"He really does embody Nokia," said Rhonda O'Connor, director of partner marketing for Nokia's broadband systems. "He was intuitive, he brought his brand values to a company that accepted it."
"He was always the first person in the room to say, 'That's Nokia and that isn't,'" said Peter Lempert, account director at The Richards Group, Dallas, which handles Nokia's business. "He really understands what the brand is all about."
At the same time Nokia was rebuilding its core franchise, it decided to pay attention to how people actually used the devices. "Our products went from being bolted into cars to carried in hands," said Wisk. "Once that happened, it was inevitable that fashion would play an increasing role in our industry. Our logic was when you carry something with you wherever you go, like a watch, pen or pair of glasses, it starts to go beyond functionality into design and fashion."
To keep on top of fashion, Nokia established design centers around the world and kept track of which colors were increasingly popular. It may sound rudimentary, but such mundane things had been often overlooked in the tech industry. "Motorola had a bunch of engineers deciding that black and grey was cool," said Gillott. "So you have to put it in perspective."
Nokia's first big hit was the 2100, which was considered the lightest and smallest handset in the world at its debut in 1994. The 2100 was also the first phone to feature a changeable faceplate, a curvy design and a large screen, attributes that would soon become Nokia hallmarks. Nokia planned to sell 400,000 of the devices. Eventually it sold 20 million.
Wisk said the 2100's screen, rather than the lightest and smallest billing, was the key to its success. "No one else had a screen anywhere near that size and quality," he said. The screen wound up being a key differentiator. "Prior to that, I think many phones were perceived by consumers as being identical," he said.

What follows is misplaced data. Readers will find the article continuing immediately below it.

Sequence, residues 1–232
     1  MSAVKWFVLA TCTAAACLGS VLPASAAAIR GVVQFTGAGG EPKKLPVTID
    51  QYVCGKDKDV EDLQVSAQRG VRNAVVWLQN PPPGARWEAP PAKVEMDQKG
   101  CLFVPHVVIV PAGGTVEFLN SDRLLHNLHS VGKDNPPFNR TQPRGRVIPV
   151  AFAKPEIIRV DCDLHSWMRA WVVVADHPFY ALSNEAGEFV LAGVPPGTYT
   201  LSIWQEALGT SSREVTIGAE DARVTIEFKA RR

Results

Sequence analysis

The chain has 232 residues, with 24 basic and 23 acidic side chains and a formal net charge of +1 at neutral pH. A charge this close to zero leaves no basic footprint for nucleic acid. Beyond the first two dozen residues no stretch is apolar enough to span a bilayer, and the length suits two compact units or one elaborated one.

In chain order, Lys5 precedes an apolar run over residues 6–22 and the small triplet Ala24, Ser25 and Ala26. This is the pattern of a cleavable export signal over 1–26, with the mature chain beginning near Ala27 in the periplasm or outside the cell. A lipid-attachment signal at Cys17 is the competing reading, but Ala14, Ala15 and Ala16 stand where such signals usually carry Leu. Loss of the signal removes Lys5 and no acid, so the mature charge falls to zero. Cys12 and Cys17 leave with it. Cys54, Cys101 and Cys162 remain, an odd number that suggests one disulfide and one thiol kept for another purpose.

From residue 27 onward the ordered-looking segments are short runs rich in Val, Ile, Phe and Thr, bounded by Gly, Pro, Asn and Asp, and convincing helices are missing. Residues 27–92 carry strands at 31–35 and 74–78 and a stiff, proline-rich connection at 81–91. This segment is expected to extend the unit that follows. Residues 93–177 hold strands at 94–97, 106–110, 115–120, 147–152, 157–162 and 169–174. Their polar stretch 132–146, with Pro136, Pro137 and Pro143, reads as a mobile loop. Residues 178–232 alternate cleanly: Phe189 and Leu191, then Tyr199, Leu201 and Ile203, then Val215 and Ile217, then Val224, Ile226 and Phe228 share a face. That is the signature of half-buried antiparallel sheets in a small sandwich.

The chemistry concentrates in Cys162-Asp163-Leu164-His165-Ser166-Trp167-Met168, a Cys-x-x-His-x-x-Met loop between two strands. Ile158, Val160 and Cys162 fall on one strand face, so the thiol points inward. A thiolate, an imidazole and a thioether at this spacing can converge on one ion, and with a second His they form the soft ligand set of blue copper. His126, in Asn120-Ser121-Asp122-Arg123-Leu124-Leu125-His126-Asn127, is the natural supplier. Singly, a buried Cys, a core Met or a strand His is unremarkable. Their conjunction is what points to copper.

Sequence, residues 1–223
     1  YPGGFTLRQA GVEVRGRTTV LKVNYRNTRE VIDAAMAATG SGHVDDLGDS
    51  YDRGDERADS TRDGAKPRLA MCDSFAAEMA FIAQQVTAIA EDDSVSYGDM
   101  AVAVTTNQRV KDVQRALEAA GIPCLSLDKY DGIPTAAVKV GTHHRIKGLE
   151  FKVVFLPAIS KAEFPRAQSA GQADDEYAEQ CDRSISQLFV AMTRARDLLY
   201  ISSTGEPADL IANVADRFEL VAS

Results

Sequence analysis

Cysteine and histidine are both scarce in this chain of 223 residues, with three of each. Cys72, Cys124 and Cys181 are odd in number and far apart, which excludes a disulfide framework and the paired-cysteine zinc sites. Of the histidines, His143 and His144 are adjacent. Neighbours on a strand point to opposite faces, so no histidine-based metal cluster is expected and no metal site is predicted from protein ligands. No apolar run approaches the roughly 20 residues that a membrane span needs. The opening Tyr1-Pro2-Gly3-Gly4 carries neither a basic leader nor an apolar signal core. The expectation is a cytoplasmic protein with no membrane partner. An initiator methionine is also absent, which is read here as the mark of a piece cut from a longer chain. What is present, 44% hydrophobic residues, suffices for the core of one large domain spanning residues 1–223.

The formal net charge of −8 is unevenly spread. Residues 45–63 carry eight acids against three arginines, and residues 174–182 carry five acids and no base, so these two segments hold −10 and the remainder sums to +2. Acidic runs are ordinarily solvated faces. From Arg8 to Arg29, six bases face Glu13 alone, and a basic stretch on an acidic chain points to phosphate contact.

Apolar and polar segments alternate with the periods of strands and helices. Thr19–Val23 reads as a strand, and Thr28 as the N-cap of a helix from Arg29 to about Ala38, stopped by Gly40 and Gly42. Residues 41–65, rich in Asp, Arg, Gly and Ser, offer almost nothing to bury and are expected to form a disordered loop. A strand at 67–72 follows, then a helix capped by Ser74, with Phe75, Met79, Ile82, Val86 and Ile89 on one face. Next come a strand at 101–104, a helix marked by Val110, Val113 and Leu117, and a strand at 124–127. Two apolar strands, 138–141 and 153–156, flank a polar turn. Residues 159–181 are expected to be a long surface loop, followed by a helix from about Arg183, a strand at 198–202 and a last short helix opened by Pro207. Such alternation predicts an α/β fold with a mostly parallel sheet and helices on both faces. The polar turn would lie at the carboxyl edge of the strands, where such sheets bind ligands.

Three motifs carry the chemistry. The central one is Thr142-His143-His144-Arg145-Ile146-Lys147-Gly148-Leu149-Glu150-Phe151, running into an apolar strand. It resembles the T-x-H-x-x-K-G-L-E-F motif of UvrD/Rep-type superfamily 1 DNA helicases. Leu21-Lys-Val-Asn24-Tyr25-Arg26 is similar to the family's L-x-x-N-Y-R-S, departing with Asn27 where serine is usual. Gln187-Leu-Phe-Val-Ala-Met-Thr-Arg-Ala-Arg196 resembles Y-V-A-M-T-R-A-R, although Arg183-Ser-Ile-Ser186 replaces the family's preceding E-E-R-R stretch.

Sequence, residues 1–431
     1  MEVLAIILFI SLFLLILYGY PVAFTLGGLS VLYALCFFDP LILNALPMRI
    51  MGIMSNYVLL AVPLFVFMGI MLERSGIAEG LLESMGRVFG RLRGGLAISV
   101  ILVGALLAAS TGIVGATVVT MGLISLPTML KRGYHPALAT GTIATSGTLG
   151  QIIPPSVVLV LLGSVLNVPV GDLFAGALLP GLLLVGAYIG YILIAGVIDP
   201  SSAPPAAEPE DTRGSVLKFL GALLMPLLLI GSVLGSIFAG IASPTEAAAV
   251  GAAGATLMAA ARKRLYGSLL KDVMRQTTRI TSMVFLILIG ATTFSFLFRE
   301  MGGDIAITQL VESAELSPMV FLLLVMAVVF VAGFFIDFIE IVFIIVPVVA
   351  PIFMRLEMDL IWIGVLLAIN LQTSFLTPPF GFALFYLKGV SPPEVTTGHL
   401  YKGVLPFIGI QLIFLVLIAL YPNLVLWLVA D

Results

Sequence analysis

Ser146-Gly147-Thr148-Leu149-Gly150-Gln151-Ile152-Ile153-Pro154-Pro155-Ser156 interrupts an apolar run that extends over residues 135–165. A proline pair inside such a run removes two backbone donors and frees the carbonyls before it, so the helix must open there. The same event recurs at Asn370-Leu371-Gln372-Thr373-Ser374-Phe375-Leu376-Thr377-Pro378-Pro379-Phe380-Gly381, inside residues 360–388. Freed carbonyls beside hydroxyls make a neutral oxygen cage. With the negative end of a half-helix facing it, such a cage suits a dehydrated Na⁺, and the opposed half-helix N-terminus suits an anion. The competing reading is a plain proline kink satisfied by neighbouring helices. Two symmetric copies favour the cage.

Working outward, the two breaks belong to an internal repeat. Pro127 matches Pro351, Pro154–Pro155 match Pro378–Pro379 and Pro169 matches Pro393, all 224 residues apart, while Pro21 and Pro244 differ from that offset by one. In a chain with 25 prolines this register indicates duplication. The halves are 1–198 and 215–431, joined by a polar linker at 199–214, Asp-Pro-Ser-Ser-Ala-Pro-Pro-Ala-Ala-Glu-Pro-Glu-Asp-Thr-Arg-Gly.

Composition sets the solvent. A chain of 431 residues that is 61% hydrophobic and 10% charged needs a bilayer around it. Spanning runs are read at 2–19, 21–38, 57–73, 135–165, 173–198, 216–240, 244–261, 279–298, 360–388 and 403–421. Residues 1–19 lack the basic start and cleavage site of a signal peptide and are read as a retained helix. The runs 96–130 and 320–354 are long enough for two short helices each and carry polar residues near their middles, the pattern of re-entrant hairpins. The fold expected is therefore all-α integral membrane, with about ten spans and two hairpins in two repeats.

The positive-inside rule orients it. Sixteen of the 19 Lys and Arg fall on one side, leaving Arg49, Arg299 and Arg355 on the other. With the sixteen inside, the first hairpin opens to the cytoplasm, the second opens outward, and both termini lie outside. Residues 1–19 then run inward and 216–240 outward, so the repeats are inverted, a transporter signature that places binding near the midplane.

The move, and Nokia's decision to target consumers, rather than business types put Nokia years ahead of Ericsson, which didn't target consumers until 1996."
In time, Nokia bolstered its distinctive industrial design with equally innovative marketing and advertising. Under Wisk's watch, Nokia began targeting the fashion industry, partnering with major designers, like Kenzo, to increase visibility. "No one effort really did it," Wisk acknowledged. "It was a long-term commitment to this strategy of working with talent, press and events all from the fashion industry."
Wisk recalls staging a fashion show at the Fashion Cafe in New York a few years ago with spokesmodel Niki Taylor. "People in the consumer electronics industry really wondered what we were doing there," he said.
A fashion positioning, of course, was not unprecedented in computers and consumer electronics. Apple has always had a chic appeal and Palm has benefitted from presenting its product as a must-have accessory. But Wisk was more influenced by such style-conscious marks as BMW and Nike. "Both are brands where the design/fashion message didn't detract from performance or credibility issues," he said.
Nokia's advertising, via The Richards Group, rarely highlights phone features, instead focusing on colors (a technique Apple has also perfected) and the coolness factor. In 1999's "Pets," a woman is shown painting her nails red and reaching for her Nokia 5100, which sports the same shade. The premise continues with a woman clad in yellow with a canary reaching for her yellow phone. "We at Nokia have noticed that our phones somehow seem to remember their owners," a narrator intones.
Another spot borrowed a tack from car ads, where a seemingly cowed suburban Dad makes eye contact with a black leather-clad biker. Next, Dad pulls out the silver 8860 and wins an approving glance. The Dad, newly confident at his coolness, polishes the phone.
"We want the phone to be perceived as a trusted personal device that gives you a sense of individualism," said Lempert. "It's not something you buy that looks like someone else's."
Motorola and Ericsson were slow to emulate Nokia's lifestyle positioning, instead emphasizing product features. But that too is changing.
"In the past, our ads have been very rational, explaining the technology of the products themselves, but research shows that the end user thinks we're not a part of their life," Fred Medina, Ericsson's director of marketing, told Brandweek in April 1999. "To remedy that, we have to represent their lifestyle in advertising."
More troubling for Nokia is a looming attack from Japanese rivals like Sony and Panasonic. Sony pulled out of the market last year, but IDG's Gillott said a restaging is in the works. Panasonic, meanwhile, has stated its intention to get into the market, though it gave no firm dates. The trendy Palm and Handspring Visor are also encroaching from a second front, adding wireless capabilities to their now-ubiquitous handheld devices.
How will Nokia fend off these latest threats?
"We will stay focused on what the end user wants and through speed in execution," said Wisk. "These are not companies to be taken lightly," he added, "but our hope is that if we can continue to keep our focus on mobile information devices, then the strengths that they bring to the table can be kept in check." J